England put in a ruthless display, bowling Sri Lanka out for 166, before heavy rain brought an early end to Sunday’s proceedings in Bristol. Following a T20 whitewash, England won the ODI series 2-0 thanks to victories at Chester-le-Street and the Kia Oval.
Despite hinting that they might experiment, England were in remorseless mood. There was no debut for George Garton, or chances for Tom Banton or Liam Livingstone. The lone change saw Chris Woakes return for the rested Mark Wood.
And when he won the toss, Eoin Morgan opted to bat first, setting the game on the same course as the first two of this series. Sri Lanka had another calamitous powerplay, losing two wickets to each of Woakes and David Willey, and – unlike at the Oval – never really recovered. Tom Curran picked up four wickets and, after totals of 185 and 241 in the first two matches, Sri Lanka managed just 166.
The innings received a 40-minute interruption for rain when Sri Lanka were eight down, and a major downpour during the innings break ended any prospect of a return.
It was a sad way for a poor tour to end. Despite decent crowds being allowed for the ODI series particularly, the whole event has been supremely low-key, with the eyes of the sporting world elsewhere, and you could have forgiven members of the 7,500 – 50 per cent capacity – crowd for feeling a little short-changed. England are a well-drilled unit in white-ball cricket, but they have not been challenged at all by Sri Lanka this month.
As has become routine, England ran through the top order in the powerplay. Kusal Perera, the captain, played on to Woakes, then Willey pinned Avishka Fernando lbw on review and had Pathum Nissanka caught behind. Dhananjaya de Silva, so impressive at the Oval, tamely top-edged to fine leg.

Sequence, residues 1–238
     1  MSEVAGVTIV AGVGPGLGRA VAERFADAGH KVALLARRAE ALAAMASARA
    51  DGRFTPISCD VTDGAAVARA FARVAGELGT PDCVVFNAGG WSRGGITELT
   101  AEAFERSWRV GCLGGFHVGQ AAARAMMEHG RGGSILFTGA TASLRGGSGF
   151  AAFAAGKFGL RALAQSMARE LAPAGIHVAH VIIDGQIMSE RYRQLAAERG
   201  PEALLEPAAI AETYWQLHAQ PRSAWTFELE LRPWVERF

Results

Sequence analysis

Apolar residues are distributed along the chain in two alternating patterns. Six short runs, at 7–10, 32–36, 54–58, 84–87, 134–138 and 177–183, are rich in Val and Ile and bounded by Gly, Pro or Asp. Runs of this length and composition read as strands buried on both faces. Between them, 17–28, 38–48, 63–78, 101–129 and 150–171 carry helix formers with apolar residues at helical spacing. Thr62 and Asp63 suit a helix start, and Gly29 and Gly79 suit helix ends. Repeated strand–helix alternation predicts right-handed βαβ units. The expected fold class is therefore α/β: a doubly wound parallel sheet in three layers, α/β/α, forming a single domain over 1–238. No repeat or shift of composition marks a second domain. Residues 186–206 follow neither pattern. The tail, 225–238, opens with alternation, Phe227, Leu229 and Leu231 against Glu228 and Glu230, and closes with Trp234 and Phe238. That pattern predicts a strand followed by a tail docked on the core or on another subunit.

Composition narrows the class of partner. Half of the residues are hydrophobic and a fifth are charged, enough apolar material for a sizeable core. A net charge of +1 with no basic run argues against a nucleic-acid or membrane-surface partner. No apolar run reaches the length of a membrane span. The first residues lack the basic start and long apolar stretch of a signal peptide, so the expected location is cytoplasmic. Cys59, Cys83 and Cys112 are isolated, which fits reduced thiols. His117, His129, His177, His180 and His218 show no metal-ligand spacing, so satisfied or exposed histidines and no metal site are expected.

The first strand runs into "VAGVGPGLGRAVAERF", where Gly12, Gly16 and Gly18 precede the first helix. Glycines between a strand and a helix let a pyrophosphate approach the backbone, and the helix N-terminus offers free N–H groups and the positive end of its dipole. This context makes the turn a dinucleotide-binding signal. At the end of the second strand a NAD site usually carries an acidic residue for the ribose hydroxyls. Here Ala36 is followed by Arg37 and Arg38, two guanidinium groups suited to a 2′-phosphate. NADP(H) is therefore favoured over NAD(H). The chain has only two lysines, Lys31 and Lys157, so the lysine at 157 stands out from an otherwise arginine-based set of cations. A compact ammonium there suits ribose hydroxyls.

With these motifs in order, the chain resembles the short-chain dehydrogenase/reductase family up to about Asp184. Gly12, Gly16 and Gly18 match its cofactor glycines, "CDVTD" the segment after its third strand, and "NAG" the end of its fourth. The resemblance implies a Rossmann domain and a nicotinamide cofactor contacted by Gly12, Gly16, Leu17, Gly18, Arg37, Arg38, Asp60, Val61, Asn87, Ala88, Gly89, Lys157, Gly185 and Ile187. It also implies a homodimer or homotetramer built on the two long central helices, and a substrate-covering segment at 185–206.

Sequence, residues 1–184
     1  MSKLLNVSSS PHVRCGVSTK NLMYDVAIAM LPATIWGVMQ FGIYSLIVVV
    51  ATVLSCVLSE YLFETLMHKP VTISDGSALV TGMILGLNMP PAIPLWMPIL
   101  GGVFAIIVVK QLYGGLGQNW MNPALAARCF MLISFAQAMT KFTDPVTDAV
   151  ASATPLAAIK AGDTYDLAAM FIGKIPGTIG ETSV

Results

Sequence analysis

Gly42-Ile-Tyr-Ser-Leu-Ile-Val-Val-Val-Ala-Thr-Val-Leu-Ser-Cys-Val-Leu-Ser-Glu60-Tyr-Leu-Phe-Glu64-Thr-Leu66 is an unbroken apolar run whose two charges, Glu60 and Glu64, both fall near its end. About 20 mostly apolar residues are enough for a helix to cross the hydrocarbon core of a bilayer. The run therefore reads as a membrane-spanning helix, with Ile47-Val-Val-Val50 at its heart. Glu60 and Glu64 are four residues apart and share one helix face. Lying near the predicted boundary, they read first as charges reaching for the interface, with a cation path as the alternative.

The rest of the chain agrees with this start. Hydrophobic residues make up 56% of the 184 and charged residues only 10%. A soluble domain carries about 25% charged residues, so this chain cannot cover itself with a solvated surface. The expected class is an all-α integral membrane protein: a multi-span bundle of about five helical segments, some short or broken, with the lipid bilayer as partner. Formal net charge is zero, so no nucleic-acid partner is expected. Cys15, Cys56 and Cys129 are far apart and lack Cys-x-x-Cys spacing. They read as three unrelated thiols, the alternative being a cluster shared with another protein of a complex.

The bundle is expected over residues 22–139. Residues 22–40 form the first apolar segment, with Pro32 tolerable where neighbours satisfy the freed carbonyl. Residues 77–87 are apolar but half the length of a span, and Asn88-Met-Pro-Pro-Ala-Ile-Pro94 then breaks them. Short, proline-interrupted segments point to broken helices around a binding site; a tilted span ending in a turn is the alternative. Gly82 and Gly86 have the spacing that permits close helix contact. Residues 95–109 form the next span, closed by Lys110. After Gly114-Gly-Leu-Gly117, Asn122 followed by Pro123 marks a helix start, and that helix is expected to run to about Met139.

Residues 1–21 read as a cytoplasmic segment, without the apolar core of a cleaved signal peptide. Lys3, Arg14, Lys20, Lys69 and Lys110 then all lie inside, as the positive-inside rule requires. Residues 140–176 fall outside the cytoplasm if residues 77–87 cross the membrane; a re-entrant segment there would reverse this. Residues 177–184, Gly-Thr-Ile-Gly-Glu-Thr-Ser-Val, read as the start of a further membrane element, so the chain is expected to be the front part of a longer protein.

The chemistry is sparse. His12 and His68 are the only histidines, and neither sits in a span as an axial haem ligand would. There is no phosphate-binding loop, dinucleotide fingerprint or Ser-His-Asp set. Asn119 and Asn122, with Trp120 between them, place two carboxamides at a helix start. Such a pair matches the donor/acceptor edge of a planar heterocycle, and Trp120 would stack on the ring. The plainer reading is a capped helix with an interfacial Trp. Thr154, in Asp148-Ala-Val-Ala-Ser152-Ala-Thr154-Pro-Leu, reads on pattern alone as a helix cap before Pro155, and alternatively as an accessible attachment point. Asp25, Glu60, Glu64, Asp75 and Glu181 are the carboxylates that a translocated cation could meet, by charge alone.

Woakes, who finished with sensational series figures of 20-8-46-6, and Willey, the man of the series, handed over to the Curran brothers and, after Sam did the trick at the Oval, Tom took centre stage. He has struggled in international cricket recently, and his four wickets here were more than he had managed in his previous 11 ODIs combined.
He bowled better, but was grateful for some poor Sri Lankan batting as Oshada Fernando chipped straight to mid-off and Wanindu Hasaranga pulled out to the deep in his first spell and, in his second, Chamika Karunaratne and Binura Fernando were caught behind. Jonny Bairstow’s take to dismiss Karunaratne was a one-handed beauty.
Having played straight with his team selection and bowling changes (Moeen Ali was unused again), Morgan kept his experimentation for his fields, which were curious. He posted four slips in the 34th over, but also regularly went without a single fielder in front of square saving one as Adil Rashid bowled his leg spin.
After the rain delay, Rashid – who has not been at his best – picked up his first wicket of the series, thanks to an excellent, opportunistic stumping from Bairstow to dismiss Dushmantha Chameera.
The innings, and the tour, finished in fittingly farcical fashion, with Asitha Fernando run out after a massive mix-up with Dasun Shanaka, who had been holding a shaky fightback together. It was a sorry end to a forgettable few games.